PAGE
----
As a first step in treating the generalized form of mange you should start the treatment with a prescription product called Amitraz (Mitaban-Upjohn). Amitraz dips must be applied every two weeks. Before starting the treatment it is recommended that medium-length and longhaired dogs breeds to be clipped short, so that the solution can get into contact with the skin. First you have to wash the dog entirely with an antibacterial shampoo, like benzoyl peroxide shampoos, and carefully towel dry the dog. Before washing you dog with benzoyl peroxide shampoo you should apply a protective ophthalmic ointment to the eyes of the pet. After drying the dog, apply the Amitraz. Don?t forget to wear protective gloves when applying the Amitraz. Let your pet air-dry after the Amitraz dips. You might also want to administer an antibiotic to control secondary skin infections. This treatment require between 4 and 14 dips given at 2 week intervals. Skin scrapings should be tested for mites after every 4 dips. The treatment should continue until no mites will be found after two consecutive treatments. Dogs with generalized mange can be considered cured only after one year from the last treatment, if no mites we?re found during this period. As side effects to the Amitraz dips, some dogs may feel sedation or nausea.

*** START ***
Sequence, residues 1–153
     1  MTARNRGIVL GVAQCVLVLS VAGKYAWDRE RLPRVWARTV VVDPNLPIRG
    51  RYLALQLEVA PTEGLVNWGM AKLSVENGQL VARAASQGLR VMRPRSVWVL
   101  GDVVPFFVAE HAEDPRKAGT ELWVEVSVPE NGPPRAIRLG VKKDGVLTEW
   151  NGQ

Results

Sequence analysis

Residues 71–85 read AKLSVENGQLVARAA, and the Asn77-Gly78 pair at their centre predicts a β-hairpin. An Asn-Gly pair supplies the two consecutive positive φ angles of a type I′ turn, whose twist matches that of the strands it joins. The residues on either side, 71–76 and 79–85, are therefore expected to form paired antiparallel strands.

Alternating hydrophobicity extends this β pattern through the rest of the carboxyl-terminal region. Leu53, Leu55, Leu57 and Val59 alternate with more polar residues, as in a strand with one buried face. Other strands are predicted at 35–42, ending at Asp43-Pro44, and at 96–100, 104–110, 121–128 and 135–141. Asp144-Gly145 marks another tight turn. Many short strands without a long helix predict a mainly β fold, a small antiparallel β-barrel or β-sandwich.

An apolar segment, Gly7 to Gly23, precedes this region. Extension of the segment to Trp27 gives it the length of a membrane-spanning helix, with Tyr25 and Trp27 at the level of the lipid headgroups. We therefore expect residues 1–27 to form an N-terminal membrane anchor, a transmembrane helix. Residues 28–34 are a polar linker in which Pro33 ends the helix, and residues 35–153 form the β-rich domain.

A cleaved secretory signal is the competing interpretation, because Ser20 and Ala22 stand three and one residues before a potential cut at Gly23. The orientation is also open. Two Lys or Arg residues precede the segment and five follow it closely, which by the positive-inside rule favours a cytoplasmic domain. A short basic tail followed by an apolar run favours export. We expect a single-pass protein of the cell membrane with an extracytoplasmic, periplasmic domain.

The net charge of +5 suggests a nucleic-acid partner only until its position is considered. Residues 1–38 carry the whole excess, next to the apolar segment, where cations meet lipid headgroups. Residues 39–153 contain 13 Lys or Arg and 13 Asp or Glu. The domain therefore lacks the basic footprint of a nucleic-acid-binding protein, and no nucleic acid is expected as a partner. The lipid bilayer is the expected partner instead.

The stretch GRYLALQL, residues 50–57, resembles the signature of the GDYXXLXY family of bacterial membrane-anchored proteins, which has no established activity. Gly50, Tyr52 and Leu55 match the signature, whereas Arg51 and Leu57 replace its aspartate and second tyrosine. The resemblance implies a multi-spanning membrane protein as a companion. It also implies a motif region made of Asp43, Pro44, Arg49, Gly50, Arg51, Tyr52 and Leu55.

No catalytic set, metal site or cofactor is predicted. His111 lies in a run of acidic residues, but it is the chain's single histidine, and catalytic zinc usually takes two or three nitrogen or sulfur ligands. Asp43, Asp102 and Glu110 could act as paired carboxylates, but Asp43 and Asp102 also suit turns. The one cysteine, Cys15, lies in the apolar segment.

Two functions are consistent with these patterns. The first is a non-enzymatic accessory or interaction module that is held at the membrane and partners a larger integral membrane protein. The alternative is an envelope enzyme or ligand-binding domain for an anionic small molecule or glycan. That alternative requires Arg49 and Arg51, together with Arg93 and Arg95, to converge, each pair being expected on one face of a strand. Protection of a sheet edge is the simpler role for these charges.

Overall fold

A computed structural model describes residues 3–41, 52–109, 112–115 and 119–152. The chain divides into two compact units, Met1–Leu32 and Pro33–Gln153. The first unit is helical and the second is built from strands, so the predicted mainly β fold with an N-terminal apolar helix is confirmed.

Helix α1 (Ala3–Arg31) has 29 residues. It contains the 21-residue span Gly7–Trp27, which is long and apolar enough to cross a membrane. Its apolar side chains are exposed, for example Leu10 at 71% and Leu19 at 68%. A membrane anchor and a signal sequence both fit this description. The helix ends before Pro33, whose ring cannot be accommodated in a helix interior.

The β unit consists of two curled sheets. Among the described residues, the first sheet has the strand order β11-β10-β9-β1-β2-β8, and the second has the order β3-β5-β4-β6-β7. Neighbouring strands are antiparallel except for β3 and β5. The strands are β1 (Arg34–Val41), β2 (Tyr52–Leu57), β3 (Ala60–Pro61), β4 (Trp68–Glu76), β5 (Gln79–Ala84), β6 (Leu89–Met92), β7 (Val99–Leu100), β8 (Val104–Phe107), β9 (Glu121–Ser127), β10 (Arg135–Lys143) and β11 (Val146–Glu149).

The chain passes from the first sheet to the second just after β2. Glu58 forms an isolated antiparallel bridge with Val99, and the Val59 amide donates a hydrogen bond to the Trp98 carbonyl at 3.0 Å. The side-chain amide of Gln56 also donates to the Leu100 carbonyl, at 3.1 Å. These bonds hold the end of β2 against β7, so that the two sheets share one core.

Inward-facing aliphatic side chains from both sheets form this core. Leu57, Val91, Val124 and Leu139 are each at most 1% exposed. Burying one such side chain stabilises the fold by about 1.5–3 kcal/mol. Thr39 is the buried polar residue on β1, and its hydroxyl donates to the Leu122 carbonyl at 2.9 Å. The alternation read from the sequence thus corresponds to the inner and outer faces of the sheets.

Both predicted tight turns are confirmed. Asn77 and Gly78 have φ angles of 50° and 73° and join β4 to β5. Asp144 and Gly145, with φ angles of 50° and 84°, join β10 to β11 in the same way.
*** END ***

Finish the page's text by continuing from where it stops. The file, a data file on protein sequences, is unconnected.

Some dogs may not respond to this treatment. Although Ivemectin is not licensed for the treatment of demodectic mange, this is used by some veterinarians as treatment for this disease. In some cases, this drug offered good results. Large daily doses of liquid ivermectin must be administered so that the active ingredient should be effective against the Demodex mite. This should only be administered under close veterinary supervision. A second option if Amitraz dips did not work for your dog is Interceptor or Moxidectin. This is may be more effective than Ivemectin. No matter the treatment you choose to treat your dog for mange, you should first speak with a veterinarian.…